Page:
At last I’m managing to do a full day’s painting without falling asleep over my desk! Although I was only able to paint for a few hours at a time last week - due to the amount and strength of the painkillers I’m on – now that I’ve reduced the dosage I’m back to my usual 8 hours or so. I must say it’s a strange feeling when I’m happily painting away to suddenly find that my brush has stopped moving and I’m jerked awake from a momentary slumber. Luckily most of the little splodges I made were easily washed off. If I were painting a miniature it would be a different story I’m sure. As it is this is the progress to date on the painting commemorating the fire at Windsor Castle.


Still not being allowed to drive I’m indebted to friends who’ve taken me out for lunch or to other functions. Last Tuesday, for example, Gordon and Olive Bond picked me up on a gloriously sunny day for a meal at Luscombes ‘Golden Ball’, where I came across this old clock on the way to our lavish luncheon.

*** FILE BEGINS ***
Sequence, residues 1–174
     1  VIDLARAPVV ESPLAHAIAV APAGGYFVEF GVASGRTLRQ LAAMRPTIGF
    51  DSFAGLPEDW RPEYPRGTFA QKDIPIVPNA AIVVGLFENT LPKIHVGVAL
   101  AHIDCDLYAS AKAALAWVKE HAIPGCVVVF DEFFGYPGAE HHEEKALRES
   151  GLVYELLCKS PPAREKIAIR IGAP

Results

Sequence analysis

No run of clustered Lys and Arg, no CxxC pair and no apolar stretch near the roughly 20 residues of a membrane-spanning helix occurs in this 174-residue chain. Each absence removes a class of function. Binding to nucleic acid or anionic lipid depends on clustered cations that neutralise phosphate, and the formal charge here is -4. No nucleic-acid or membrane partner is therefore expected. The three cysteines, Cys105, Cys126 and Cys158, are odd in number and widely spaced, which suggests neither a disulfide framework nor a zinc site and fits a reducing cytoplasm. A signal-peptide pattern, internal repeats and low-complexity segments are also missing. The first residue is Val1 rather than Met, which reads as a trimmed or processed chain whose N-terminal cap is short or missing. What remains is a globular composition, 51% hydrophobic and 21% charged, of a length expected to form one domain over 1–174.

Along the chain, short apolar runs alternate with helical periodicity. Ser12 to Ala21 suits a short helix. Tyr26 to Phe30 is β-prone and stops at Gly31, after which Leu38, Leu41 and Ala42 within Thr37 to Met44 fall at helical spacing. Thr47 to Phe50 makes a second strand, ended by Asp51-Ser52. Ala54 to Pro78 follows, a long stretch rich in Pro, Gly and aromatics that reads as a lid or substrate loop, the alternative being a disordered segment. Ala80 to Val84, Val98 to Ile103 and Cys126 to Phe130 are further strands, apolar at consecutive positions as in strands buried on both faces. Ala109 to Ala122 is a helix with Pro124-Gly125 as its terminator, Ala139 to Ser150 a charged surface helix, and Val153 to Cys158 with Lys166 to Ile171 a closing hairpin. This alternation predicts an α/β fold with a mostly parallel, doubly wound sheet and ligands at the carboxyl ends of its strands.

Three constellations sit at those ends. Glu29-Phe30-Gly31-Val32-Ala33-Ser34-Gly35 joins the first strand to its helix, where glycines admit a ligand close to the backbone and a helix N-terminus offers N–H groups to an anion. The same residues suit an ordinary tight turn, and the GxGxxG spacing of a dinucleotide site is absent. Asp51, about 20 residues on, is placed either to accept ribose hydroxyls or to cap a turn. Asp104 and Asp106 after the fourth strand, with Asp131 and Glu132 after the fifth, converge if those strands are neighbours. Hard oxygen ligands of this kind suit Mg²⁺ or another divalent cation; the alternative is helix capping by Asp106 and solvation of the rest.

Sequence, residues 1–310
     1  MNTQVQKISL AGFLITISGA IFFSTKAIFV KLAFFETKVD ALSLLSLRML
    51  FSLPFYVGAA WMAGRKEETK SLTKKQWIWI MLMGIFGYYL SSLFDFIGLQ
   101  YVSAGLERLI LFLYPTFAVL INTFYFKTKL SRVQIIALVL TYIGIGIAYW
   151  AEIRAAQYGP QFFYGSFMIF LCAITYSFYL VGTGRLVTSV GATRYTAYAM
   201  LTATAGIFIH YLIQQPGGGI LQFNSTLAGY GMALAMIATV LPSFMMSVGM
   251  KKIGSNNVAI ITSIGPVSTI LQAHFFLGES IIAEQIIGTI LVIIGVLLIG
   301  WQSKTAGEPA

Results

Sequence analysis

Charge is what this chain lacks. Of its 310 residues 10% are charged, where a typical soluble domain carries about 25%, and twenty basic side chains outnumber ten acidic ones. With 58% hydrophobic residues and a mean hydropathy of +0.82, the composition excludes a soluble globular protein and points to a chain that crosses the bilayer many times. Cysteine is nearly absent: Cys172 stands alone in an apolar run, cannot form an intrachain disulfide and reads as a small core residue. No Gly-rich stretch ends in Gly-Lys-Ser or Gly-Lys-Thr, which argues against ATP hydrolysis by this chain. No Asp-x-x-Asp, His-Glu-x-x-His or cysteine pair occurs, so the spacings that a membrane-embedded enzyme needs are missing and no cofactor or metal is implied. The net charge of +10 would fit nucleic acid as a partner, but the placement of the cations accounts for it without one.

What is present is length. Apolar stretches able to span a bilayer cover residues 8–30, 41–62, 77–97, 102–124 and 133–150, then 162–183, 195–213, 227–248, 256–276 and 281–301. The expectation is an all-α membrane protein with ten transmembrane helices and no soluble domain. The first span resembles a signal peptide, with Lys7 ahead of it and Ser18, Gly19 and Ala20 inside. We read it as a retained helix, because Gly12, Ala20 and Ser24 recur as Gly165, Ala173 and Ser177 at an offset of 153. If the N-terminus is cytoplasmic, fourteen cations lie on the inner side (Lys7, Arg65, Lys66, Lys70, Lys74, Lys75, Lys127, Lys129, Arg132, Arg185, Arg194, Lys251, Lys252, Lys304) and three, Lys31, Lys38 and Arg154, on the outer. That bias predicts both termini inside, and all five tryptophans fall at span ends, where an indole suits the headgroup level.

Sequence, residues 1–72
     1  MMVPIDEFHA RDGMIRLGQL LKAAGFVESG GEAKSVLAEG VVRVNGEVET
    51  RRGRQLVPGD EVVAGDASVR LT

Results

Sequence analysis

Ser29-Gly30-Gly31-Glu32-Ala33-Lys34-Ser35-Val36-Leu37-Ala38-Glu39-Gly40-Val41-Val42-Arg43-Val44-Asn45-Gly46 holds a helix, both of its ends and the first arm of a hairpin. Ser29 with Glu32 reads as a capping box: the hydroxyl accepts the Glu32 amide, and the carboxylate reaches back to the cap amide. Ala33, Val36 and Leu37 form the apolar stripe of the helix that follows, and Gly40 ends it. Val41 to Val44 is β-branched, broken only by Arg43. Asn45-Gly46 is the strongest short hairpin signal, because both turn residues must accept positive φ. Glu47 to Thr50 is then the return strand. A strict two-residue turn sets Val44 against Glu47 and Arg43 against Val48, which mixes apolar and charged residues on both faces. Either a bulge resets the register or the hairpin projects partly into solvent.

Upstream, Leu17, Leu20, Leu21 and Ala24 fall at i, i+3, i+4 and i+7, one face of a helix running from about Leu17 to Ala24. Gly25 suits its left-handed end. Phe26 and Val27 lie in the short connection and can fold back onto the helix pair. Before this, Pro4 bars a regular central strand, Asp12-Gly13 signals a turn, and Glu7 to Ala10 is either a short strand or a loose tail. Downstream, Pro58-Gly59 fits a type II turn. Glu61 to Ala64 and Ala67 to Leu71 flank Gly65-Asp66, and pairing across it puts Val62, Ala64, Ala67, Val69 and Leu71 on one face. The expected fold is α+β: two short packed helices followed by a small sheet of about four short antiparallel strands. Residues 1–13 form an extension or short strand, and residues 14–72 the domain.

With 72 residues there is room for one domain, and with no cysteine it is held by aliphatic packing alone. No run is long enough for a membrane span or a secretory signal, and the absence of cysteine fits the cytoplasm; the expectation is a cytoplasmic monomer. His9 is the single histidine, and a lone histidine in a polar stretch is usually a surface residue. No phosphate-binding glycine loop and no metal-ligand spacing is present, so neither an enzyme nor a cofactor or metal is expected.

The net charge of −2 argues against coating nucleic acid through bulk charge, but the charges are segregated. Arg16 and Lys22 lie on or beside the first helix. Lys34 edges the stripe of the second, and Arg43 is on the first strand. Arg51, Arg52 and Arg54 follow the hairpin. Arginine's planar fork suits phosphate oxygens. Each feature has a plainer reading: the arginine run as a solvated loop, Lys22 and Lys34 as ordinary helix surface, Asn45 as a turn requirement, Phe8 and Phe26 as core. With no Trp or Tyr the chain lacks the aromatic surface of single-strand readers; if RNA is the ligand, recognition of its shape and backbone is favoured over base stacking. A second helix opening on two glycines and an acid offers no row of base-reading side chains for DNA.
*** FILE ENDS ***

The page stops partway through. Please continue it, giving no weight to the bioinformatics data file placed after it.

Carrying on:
Every route into Henley has its attractions – and all are completely different. The Golden Ball is reached by driving along the Fair Mile. On the wide verges on that day the daffodils, which line the road, were just beginning to come out.


Talking of golden balls, several years ago I was awarded the most prestigious prize in the world for miniature painting - The Gold Bowl. Made of solid 18 carat gold, it is given by the Royal Society of Miniature Painters for the best miniature painting of the year. Recipients are also presented with a very handsome silver gilt replica. Over the years mine had become quite tarnished, and try as I might I couldn’t bring it back to its pristine glory. However having met the English sculptor and goldsmith, Paul Eaton, in Florida earlier this year, he offered to professionally clean it for me. I took it down to him in Cranleigh about a month ago and on Thursday Paul and his wife Jacqui paid us a visit. We had a superb lunch at my favourite restaurant – The Villa Marina – next to the bridge at Henley. And here is the glittering result.